The Wetzell-Archbold Farmstead is significant because it contains the earliest known log dwelling in the District of Columbia, and because it has the earliest known log house in the District exhibiting traditional log construction techniques. It is extremely rare to find such a dwelling and its rural setting preserved in an urban area.
The house's core contains a well-preserved single pen, V-notched log dwelling, once common on the small farms in the surrounding countryside of Maryland and Virginia. This particular house's form and construction techniques are also significant, because they represent a fusion of techniques found in both Mid-Atlantic and Southern vernacular building traditions.
Built circa 1843 in what was then rural Washington County, outside of the boundary of the District of Coumbia, the Wetzell House is a relatively late surviving example of the common farmer's house, which was typically built of log through the 18th century to the mid-19th century, after which time frame houses of machine-cut lumber dominated the landscape of the common farmer. The house's later additions illustrate this shift in preferred construction technology. The additions to the house, though illustrating more recent materials and technologies, were executed within the scale and proportions of the original house, and in no way detract from the house's historical significance and natural evolution.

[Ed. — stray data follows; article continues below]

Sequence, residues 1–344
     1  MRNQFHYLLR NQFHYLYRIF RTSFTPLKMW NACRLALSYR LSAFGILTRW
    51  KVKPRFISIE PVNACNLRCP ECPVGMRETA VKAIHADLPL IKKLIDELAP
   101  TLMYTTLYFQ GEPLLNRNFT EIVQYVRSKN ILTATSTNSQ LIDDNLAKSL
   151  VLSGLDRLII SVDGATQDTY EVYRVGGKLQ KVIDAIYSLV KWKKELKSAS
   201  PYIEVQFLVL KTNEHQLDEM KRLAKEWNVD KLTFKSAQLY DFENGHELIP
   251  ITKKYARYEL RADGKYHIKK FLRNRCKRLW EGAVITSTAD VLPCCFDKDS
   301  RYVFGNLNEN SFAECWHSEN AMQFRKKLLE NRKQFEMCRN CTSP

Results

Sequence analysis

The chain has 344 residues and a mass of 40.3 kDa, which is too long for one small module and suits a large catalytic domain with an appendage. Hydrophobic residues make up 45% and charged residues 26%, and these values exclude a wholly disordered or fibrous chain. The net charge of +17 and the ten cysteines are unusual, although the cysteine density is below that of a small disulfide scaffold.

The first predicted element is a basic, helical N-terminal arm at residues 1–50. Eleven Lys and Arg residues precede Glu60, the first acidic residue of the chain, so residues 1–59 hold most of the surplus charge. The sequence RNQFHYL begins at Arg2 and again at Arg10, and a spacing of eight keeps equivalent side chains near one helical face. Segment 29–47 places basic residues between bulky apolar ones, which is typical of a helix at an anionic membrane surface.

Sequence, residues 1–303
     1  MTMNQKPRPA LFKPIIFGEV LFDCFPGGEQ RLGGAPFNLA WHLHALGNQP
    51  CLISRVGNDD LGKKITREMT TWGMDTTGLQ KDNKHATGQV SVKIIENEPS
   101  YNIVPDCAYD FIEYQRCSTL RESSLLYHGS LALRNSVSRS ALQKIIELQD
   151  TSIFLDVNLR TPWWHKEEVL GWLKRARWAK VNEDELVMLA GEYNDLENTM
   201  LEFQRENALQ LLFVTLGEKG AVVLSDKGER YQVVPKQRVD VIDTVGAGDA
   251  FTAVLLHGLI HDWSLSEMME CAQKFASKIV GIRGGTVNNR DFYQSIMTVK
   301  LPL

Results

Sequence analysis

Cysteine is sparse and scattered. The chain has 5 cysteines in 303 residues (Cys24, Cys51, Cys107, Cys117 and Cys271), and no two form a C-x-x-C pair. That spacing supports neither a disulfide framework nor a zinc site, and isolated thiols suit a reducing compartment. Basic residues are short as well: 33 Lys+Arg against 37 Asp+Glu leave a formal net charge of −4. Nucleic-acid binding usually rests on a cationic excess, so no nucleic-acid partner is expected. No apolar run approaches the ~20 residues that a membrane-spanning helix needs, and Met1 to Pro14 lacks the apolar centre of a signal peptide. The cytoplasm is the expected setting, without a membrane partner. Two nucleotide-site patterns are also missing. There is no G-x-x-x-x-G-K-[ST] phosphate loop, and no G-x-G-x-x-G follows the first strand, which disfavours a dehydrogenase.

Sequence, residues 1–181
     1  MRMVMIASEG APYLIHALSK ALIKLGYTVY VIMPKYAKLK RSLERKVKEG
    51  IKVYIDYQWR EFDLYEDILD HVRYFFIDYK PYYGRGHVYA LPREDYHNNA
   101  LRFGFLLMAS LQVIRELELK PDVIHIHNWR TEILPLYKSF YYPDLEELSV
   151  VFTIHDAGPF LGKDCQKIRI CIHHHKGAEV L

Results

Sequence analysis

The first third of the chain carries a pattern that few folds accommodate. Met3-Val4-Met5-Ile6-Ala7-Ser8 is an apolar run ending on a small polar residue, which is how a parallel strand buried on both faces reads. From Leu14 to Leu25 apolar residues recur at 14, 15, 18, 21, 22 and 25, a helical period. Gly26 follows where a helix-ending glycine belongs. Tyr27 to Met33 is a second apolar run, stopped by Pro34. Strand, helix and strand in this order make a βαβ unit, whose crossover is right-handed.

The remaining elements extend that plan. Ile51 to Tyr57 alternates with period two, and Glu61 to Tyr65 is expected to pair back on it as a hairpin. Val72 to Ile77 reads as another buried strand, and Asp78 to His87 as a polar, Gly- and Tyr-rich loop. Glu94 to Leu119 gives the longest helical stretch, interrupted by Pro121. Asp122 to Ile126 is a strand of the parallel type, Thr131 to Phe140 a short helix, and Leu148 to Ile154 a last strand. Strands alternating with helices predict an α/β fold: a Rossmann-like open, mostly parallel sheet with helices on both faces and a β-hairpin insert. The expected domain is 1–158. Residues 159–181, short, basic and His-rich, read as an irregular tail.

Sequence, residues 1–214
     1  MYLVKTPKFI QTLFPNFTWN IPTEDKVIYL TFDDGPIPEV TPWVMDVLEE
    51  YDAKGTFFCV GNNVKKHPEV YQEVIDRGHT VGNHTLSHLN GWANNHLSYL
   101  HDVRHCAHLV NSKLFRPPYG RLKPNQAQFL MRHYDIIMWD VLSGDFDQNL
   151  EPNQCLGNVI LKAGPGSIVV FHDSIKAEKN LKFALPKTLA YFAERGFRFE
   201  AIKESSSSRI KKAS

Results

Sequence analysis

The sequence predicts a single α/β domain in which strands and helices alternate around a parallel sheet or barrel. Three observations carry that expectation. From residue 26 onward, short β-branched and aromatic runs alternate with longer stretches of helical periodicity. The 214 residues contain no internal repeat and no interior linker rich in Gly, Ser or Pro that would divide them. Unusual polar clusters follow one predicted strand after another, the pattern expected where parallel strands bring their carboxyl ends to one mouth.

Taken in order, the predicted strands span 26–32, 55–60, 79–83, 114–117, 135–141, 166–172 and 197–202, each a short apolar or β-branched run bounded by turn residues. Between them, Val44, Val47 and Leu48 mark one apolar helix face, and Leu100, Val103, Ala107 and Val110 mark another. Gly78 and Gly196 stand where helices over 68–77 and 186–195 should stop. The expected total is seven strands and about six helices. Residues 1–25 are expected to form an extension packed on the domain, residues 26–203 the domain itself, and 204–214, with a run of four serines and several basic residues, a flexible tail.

Built c. 1843-50
National Register: April 19, 1991
DC Inventory: March 15, 1989